The Census Bureau report on International Trade shows a widening trade deficit.
Exports decline 1.8%. Imports rise 1.3%.
The U.S. Census Bureau and the U.S. Bureau of Economic Analysis, through the Department of Commerce, announced today that the goods and services deficit was $42.6 billion in October, up $6.4 billion from $36.2 billion in September, revised. October exports were $186.4 billion, $3.4 billion less than September exports. October imports were $229.0 billion, $3.0 billion more than September imports.
The October increase in the goods and services deficit reflected an increase in the goods deficit of $6.3 billion to $63.4 billion and a decrease in the services surplus of $0.1 billion to $20.8 billion.
Year-to-date, the goods and services deficit decreased $8.8 billion, or 2.1 percent, from the same period in 2015. Exports decreased $58.7 billion or 3.1 percent. Imports decreased $67.5 billion or 2.9 percent.
How Will This Affect GDP Estimates?
The answer is "not at all". That may seem surprising because imports subtract from GDP while exports add.
The reason this will not affect estimates much is the report was in-line with the advance report and the numbers were pretty much known.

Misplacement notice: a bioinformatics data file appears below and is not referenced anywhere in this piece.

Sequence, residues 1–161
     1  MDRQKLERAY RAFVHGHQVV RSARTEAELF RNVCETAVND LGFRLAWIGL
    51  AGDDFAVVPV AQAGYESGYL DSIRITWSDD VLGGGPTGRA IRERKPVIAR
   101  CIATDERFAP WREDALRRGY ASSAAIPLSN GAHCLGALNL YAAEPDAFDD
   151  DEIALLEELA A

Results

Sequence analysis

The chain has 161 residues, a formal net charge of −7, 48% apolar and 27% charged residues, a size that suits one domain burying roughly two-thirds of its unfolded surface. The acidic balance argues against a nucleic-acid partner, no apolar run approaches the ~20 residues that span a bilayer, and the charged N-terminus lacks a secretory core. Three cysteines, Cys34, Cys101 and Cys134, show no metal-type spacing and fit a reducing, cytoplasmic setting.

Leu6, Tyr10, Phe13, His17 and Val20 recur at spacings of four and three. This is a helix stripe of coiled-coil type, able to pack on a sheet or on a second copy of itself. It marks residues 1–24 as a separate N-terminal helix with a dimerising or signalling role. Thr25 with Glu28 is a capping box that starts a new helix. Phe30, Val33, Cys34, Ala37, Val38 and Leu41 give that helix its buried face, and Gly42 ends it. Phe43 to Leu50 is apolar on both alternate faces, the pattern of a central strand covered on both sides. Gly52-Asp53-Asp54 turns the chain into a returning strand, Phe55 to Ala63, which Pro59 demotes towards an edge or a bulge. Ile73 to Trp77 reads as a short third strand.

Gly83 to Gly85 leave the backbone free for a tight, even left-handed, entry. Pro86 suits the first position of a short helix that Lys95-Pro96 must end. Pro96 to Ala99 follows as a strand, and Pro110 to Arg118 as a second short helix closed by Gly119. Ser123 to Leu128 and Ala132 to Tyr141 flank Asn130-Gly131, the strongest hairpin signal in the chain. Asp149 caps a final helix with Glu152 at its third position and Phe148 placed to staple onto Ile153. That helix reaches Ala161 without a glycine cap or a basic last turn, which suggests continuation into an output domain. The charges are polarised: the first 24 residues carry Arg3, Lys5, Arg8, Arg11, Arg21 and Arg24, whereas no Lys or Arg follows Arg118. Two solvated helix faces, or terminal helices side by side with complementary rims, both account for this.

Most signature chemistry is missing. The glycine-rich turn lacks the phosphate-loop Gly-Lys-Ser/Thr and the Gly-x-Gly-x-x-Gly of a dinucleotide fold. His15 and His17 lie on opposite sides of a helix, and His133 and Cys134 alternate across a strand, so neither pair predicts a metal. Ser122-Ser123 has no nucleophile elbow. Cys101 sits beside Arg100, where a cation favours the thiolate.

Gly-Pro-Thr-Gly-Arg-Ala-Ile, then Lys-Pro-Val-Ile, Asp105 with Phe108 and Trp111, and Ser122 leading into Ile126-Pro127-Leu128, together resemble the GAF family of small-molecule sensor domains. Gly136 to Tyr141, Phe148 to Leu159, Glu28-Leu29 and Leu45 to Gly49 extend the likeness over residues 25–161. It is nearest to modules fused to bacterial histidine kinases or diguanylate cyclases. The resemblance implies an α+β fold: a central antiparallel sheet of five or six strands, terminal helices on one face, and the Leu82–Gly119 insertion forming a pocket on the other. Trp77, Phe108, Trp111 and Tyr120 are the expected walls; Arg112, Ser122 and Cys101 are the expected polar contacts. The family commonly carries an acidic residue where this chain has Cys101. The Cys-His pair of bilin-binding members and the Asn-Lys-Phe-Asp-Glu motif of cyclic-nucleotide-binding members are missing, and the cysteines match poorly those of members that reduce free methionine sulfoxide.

Economist Panel Almost Gets Number Right
The panel of Bloomberg Econoday economists got the number almost correct.
The Econoday consensus estimate was a deficit of $42.0 billion vs. an actual deficit of $42.6 billion.
The moral of this story is that if you tell a group of economists the correct number in advance, the consensus may come close. That said, at least one economist was way off, estimating a deficit of only $39.0 billion.
I suspect he or she was not in class they day they passed out the the answers to the upcoming test.
Two Piece Puzzle
I presented the advance report on November 25 in Trade Deficit Widens 9.6% as Exports Dip, Food Exports DeclineÂ 11.8%.
That report shows a deficit of $62.0 billion, but that number just reflects "goods". Todayâs report covered goods and services.Â Those studying the pre-test material only got the biggest piece of the two-piece puzzle, not the entire puzzle.
Meanwhile, the strengthening US dollar is going to increasingly come into play, dampening exports.